Category: Amazon EC2


Amazon EC2 Helps Justin.TV Take on E3

by Jeff Barr | on | in Amazon EC2 |

Yesterday morning we received an email from the folks behind Justin.TV. They were preparing for a big splash at the E3 show and wanted to make sure that we were in a position to handle the increased load. We assured them that we were.

Justin and his posse visited E3 and did a live broadcast (available in archive form here). Everything worked really well.

After the event, they shared some impressive statistics with us. At peak they served up 3,500 simultaneous video streams representing over 1 gigabit per second of network bandwidth. Within minutes of noticing the heavy load, they were able to increase their streaming capacity by over 400%, and they paid only for the server capacity that they needed. Once the load subsided they killed off the extra capacity.

That’s how it works when you are Web-Scale!

— Jeff;

Renkoo’s Booze Mail: EC2, and the Pan-Galactic Gargle Blaster

by Jeff Barr | on | in Amazon EC2 |

Booze_mail My friends Adam Rifkin and Joyce Park are the co-founders of Renkoo. Renkoo simplifies the process of getting together with a bunch of friends for an event or simply for a tasty beverage or two.

Last month Adam told me that they were planning to launch a Facebook application and that they wanted to host it on Amazon EC2 in order to accommodate what they hoped would be a rapidly growing user base. I got him signed up for the beta and their application (Booze Mail) launched just a few days ago. Using this application you can send a virtual tasty beverage — anything from a simple glass of water to a throat-scorching Pan-Galactic Gargle Blaster — to anyone on your Facebook friends list.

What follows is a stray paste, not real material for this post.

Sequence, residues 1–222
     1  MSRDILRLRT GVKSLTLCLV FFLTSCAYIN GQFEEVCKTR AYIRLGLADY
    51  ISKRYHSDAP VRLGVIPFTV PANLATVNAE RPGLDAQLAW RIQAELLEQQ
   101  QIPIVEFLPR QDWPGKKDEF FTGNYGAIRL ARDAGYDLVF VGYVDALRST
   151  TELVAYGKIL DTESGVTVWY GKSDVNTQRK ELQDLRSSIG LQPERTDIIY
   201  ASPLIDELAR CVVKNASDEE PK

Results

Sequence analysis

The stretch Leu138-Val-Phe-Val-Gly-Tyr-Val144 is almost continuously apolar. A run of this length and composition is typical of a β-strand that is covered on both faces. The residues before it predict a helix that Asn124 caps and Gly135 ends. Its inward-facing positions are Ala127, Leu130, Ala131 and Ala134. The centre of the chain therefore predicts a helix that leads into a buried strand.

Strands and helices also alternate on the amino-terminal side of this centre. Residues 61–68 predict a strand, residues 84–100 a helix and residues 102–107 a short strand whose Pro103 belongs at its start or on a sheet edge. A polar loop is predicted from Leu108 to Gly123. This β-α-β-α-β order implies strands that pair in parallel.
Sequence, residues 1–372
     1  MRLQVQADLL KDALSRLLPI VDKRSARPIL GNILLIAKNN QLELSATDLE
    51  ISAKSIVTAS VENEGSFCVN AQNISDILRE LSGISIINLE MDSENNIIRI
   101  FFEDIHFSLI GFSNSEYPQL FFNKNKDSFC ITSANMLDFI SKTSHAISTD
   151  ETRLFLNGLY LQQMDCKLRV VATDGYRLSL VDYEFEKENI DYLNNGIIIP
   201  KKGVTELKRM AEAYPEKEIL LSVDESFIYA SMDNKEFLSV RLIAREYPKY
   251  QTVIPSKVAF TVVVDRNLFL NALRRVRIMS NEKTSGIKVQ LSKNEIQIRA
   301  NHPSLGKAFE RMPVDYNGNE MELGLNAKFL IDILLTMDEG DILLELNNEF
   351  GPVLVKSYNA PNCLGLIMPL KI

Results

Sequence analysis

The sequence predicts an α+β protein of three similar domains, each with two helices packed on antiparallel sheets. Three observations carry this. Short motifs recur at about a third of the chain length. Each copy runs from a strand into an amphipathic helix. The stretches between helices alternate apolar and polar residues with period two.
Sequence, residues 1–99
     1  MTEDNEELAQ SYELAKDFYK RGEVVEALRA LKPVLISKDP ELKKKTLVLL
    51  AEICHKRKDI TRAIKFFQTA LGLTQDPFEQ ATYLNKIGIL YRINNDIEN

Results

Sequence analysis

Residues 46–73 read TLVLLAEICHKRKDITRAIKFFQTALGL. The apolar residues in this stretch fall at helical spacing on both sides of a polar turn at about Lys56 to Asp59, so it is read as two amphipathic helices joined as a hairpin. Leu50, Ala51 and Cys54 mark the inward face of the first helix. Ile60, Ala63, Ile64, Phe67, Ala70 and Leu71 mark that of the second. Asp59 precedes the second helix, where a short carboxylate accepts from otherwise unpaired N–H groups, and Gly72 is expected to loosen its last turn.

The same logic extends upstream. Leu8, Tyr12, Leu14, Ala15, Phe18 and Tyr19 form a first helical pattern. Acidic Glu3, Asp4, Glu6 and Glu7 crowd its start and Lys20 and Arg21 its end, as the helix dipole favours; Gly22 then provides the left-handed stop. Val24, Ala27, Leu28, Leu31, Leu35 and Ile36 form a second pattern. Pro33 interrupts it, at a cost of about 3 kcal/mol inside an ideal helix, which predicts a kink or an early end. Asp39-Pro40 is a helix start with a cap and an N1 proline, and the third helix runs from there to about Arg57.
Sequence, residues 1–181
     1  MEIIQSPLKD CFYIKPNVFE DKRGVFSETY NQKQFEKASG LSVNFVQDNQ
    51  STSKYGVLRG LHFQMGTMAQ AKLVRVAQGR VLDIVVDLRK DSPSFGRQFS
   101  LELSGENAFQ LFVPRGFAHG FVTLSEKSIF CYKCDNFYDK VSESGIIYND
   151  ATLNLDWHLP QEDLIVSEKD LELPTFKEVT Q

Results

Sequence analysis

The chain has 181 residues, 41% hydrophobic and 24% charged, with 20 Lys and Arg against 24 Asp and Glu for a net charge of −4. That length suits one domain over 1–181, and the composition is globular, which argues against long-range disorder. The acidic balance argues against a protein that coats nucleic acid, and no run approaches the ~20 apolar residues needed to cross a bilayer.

As Adam explains, “With the pressure of rejection removed from the situation, a sender can make offers to deepen friendships without trepidation.” This is where things get even more interesting. The recipient of the virtual drink can redeem it (by printing out an “IOU” style coupon) or by using Renkoo’s scheduling facility to organize an actual, face-to-face meeting.

People are sending around virtual drinks at an ever-increasing rate and they’ve been using EC2 to good advantage. Looking at the Appaholic traffic graph I see that the user base has grown from less than 100 at the end of June to over 13,500 as of this morning. I don’t know how many EC2 instances they are using, but I do know (because they told me) that they aren’t too nervous about growing. As Adam says:

“Thank goodness for EC2. Otherwise this would be making me very very nervous because we have no hardware, rackspace, or bandwidth that can handle where I think we’re going.”

Instead, they are able to focus on the features and functionality of their application.

Congratulations to Adam and to Joyce on the launch!

— Jeff;

PS – Feel free to add me to your friends list if we’ve met….

Additional EC2 Beta Spots Now Open

by Jeff Barr | on | in Amazon EC2 |

Bull_fighter_charge As of this morning, we have cleared the Amazon EC2 waiting list!

Everyone on the list with a valid payment method in their account and acccess to Amazon S3 has been enabled for EC2.

We are continuing to add capacity and can now accomodate some additional beta signups. Simply create your AWS account, sign up for S3, and then go to http://aws.amazon.com/ec2 to sign up for EC2.

— Jeff;

EC2 Best Practices

by Jeff Barr | on | in Amazon EC2 |

The Space Program Blog has some good EC2 Best Practices